Thursday, March 23, 2006

When Looking For Safety Features, What Should Be Included?

That is actually a question that has many answers. After all, different people have different views as to what kind of safety should be included in their cars and vehicles. Yes, there are the usual seatbelts. However, there are some drawbacks when it comes to seatbelts. You see, some seatbelts still do not even totally protect passengers. Some are not strong enough so much so that during hard crashes and collisions, the passengers are even thrown at the windshield, or even outside the car. For minor accidents, some passengers suffer from whiplash. Ouch!

Well, here are some safety features I have gathered over the Internet. Maybe it could help you out choose which ones would be right for your vehicle.

Active head restraints – move forward upon impact to catch the head and increase neck protection
Adaptive cruise control – uses radar or lidar (laser-based radar) to monitor and regulate the distance between vehicles
Advanced airbags – isolate and protect various body parts and, in some systems, deploy at different depths or velocities depending on the occupant's size and position
Advanced seat belt pretensioners – tense up when a collision is imminent and are sometimes paired with seats that automatically adjust for increased crash protection (conventional pretensioners activate during a collision)
Air bags – inflate and prevent the occupants’ head and face from striking the car’s interior, dashboard, steering wheel, and windshield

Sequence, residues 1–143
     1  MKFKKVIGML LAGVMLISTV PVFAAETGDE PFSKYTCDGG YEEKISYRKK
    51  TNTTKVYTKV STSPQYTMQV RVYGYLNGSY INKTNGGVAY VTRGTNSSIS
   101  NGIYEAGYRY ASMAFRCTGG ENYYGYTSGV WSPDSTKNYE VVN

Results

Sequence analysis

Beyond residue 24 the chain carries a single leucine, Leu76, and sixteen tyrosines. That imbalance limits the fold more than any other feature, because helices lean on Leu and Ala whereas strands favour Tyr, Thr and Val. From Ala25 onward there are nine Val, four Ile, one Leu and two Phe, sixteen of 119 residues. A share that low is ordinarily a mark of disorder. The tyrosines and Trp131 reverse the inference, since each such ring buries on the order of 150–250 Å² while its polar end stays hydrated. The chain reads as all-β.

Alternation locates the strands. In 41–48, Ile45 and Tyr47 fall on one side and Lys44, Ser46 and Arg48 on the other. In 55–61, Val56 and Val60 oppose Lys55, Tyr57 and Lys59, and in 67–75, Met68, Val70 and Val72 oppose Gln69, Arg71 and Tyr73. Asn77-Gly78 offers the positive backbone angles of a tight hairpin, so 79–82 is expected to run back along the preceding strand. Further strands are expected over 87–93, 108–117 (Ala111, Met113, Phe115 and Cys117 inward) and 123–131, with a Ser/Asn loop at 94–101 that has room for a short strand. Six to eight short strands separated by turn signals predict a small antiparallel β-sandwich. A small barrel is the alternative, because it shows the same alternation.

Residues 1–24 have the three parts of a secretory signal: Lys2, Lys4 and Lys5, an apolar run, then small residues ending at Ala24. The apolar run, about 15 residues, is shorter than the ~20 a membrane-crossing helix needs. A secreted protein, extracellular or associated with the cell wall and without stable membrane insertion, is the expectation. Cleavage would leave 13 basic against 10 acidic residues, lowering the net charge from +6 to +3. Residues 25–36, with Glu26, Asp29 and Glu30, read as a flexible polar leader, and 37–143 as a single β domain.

Anti-lock brake system – prevent the car’s wheels from locking during sudden ‘panic’ braking, thus allowing the driver to maintain control of the steering as it slows down
Automatic dimming rearview mirrors – reduce the glare from rear approaching cars. They also dim gradually as the glare and light behind gets brighter.
Child safety locks – prevents the doors in the rear from being accidentally opened from the inside
Collapsible steering – absorbs the impact during air crashes, and also protects the driver from being trapped between the steering wheel and seat during a crash or collision
Crumple zone – designed so as to compress during an accident so much so that it absorbs the energy from the impact
Daytime running lights – increases the ability of oncoming drivers to see your car, and also makes your car more visible
Electronic stability control –monitors traction loss and steering angle and automatically applies one or more of the brakes to keep the vehicle on course
Fuel tank safety – designed so as to stay intact even during hard crashes so that there would be no leaks that could lead to explosions
Laminated glass – would not shatter during accidents and would not cause additional harm and injuries to the occupants
Lane departure warning systems – signal a driver when his or her vehicle drifts from its lane
Non-jamming doors – prevents the rear doors from jamming, making them free to open in cases of collisions when the front doors could not be opened
Roll control – a device in the front suspension that gives out greater stability and assists the car to not tip or roll over
Seat belts – keep the passengers in place
Seat type – prevents the passengers from sliding forward and colliding during strong crashes
Side impact bars / side door beams – made from high steel strength tubes that strongly protects a car’s occupants during side crashes
Telematics – an after-crash technology that combines the functions of cellular phones, Global Positioning System receivers and 911 operators
Three stage protective bumpers – has an energy absorber that crushes during collision so as to prevent great damage to occupants
Tire pressure monitoring –alerts the driver when a tire's pressure is dangerously low.
Traction control – improves car stability and steering control

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